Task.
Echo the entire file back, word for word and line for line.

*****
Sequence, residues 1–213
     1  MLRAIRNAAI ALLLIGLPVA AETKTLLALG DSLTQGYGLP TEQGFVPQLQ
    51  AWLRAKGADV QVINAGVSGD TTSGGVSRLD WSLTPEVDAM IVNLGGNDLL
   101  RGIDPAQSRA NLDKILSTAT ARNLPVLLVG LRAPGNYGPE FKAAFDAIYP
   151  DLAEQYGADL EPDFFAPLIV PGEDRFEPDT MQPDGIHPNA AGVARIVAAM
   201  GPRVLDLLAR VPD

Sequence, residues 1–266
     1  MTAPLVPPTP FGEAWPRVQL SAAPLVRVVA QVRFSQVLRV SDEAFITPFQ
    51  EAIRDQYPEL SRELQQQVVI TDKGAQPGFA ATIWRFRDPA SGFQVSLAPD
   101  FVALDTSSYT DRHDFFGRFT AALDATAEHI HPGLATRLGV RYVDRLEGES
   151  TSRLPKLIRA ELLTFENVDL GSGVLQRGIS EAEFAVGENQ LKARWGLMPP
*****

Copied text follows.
Sequence, residues 1–213
     1  MLRAIRNAAI ALLLIGLPVA AETKTLLALG DSLTQGYGLP TEQGFVPQLQ
    51  AWLRAKGADV QVINAGVSGD TTSGGVSRLD WSLTPEVDAM IVNLGGNDLL
   101  RGIDPAQSRA NLDKILSTAT ARNLPVLLVG LRAPGNYGPE FKAAFDAIYP
   151  DLAEQYGADL EPDFFAPLIV PGEDRFEPDT MQPDGIHPNA AGVARIVAAM
   201  GPRVLDLLAR VPD

Sequence, residues 1–266
     1  MTAPLVPPTP FGEAWPRVQL SAAPLVRVVA QVRFSQVLRV SDEAFITPFQ
    51  EAIRDQYPEL SRELQQQVVI TDKGAQPGFA ATIWRFRDPA SGFQVSLAPD
   101  FVALDTSSYT DRHDFFGRFT AALDATAEHI HPGLATRLGV RYVDRLEGES
   151  TSRLPKLIRA ELLTFENVDL GSGVLQRGIS EAEFAVGENQ LKARWGLMPP